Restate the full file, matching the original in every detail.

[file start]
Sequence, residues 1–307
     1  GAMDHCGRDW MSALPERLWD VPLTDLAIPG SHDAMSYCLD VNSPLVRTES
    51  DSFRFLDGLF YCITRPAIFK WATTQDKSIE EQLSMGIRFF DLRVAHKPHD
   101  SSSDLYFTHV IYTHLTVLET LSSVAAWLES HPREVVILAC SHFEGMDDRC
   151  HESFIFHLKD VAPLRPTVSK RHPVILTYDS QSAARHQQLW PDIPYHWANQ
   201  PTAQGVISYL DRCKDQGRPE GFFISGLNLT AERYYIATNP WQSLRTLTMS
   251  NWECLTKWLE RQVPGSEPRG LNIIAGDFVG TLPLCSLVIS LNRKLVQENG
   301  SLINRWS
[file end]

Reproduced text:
Sequence, residues 1–307
     1  GAMDHCGRDW MSALPERLWD VPLTDLAIPG SHDAMSYCLD VNSPLVRTES
    51  DSFRFLDGLF YCITRPAIFK WATTQDKSIE EQLSMGIRFF DLRVAHKPHD
   101  SSSDLYFTHV IYTHLTVLET LSSVAAWLES HPREVVILAC SHFEGMDDRC
   151  HESFIFHLKD VAPLRPTVSK RHPVILTYDS QSAARHQQLW PDIPYHWANQ
   201  PTAQGVISYL DRCKDQGRPE GFFISGLNLT AERYYIATNP WQSLRTLTMS
   251  NWECLTKWLE RQVPGSEPRG LNIIAGDFVG TLPLCSLVIS LNRKLVQENG
   301  SLINRWS